Bad back…..tight neck……tight shoulders. These are common issues we see in the clinic very often. In fact, 9 times out 10 I treat someone with some form of upper back, neck and/or shoulder discomfort.
Why is that? Why do so many people suffer with back, neck and shoulder issues. Are they even the problem? Unless there is some pathological issue or acute injury, most likely the answer may be no. So, what is the problem. The chest – The Pectoralis Major & The Pectoralis Minor.
Life has a way of making the muscles in the chest short and tight.
- Working at a desk
- Carrying children
- Use of technology,
These are a few of the many causes of tightening up of the chest muscles and the pulling of your neck forward causing something called Upper Cross Syndrome
What is upper crossed syndrome?
It is a term developed by Vladimia Janda to explain the imbalance of muscles in the upper body, pulling on the skeleton, causing the pain and issues in the back, neck, & shoulders.
You can see in Img 1 below that the Pec minor muscle has its origin from ribs 3, 4, & 5 and inserts into the coracoid process of the scapula (shoulder blade). As the muscle gets tight it pulls the shoulder blade up and over (the blue arrow)
As the shoulder blade is pulled forward by the over active chest muscles, it stretches the opposing muscles causing them to be pulled taught and become underused and weak.
In the neck this is the cervical flexors, in the shoulders it is the rhomboids and lower trapezius muscles.
This area then has a X shape as in img 2 showing the areas of tightness and weakness.
You will also see in img 3 below that this causes the head to be pulled forward, and for every inch your head is forward, you add roughly 10lbs of pressure to your spine, adding to the discomfort being caused by the tightening of the chest.
So when you hear someone say “my back/neck/shoulders is/or tight”, they are most likely not. They are taught. Most likely the chest is tight, the chest is the cause, and the chest needs to be released.
So, to Summarise
The main cause of this is poor posture, specifically sitting or standing with the head forward for prolonged periods.
Activities that promote this postural position, such as:
- Computer and laptop use
- Watching TV
- Mobile phone browsing, texting, app, or game use
- In some cases, injury or congenital disabilities may also contribute to the development or creation of the condition.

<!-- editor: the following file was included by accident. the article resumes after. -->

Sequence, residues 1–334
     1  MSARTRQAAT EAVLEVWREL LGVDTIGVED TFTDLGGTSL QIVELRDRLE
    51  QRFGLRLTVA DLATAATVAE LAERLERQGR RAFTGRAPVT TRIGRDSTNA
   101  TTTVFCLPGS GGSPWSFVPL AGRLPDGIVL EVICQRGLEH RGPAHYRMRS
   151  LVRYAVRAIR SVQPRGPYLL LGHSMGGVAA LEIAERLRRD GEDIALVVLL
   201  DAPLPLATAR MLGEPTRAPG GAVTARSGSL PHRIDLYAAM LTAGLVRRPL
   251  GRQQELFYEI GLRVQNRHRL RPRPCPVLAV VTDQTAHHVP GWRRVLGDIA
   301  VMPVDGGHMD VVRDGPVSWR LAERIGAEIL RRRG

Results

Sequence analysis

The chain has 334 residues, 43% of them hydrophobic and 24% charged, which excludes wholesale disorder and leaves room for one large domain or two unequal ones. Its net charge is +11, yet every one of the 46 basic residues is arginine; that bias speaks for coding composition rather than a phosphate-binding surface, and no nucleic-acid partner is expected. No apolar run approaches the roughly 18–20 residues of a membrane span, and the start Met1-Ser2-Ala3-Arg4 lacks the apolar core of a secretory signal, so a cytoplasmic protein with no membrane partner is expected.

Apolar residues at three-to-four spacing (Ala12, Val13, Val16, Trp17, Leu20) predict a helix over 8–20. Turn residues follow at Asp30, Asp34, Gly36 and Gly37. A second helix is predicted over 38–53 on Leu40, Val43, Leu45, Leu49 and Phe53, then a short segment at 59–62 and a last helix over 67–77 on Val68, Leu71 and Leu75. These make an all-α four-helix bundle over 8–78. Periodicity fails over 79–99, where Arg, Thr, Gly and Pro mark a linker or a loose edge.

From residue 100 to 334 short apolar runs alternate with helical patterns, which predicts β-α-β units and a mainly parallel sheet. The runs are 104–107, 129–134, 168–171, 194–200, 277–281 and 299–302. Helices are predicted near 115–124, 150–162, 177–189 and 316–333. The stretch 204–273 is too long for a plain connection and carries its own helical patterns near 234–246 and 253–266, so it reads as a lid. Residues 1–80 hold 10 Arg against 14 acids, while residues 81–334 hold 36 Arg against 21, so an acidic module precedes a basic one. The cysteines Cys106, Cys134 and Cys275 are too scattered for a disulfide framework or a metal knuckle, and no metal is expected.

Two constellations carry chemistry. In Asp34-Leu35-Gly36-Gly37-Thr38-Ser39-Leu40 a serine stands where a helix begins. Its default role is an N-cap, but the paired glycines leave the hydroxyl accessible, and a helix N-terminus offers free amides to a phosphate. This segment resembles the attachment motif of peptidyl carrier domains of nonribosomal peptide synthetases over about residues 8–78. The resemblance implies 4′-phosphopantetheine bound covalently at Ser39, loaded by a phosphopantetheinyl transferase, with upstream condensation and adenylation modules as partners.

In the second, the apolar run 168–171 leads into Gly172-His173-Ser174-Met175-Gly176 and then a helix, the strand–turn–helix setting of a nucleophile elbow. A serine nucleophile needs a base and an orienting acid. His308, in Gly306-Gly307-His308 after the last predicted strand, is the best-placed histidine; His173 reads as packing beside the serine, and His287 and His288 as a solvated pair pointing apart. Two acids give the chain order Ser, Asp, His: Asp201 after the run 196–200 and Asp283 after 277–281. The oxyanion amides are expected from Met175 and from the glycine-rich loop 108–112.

Common characteristics of upper crossed syndrome include:
- The head is consistently or often in a forward position
- Inward curvature in the portion of the spine containing the neck (increased cervical lordosis)
- Outward curvature in the part of the spine that includes the upper back, shoulders, and chest (increased thoracic kyphosis)
- Elevated, protracted, or rounded shoulders, where the muscles are in a continuous state of being pulled or stretched forward
- The visible portion of the shoulder blade sits out instead of laying flat (scapula winging)
- The deformed muscles associated with upper cross syndrome put stress on the surrounding muscles, tendons, bones, and joints, causing most people develop symptoms that include:
- Neck pain
- Strain in the back of the neck and often a weakness in the front
- Chest pain and tightness
- Breathing resctrictions
- Pain in the upper back, especially the shoulders
- Sore shoulder blades
- Pain in the jaws
- Difficulty sitting, reading, and watching TV
- Driving for more than a short period because of pain or muscle tightness or soreness
- Restricted range of motion in the neck or shoulders
- Numbness, tingling, and pain in the upper arms
- Pain and reduced range of motion in the ribs
- Lower back pain
How we can help
Soft Tissue treatment is great and recommended option in resolving upper cross syndrome by releasing the chest.
If you are struggling with any of these symptoms, get in touch with us. We will do a postural assessment and take a look at treating the cause and offer rehab exercise to help improve the pain and posture long term.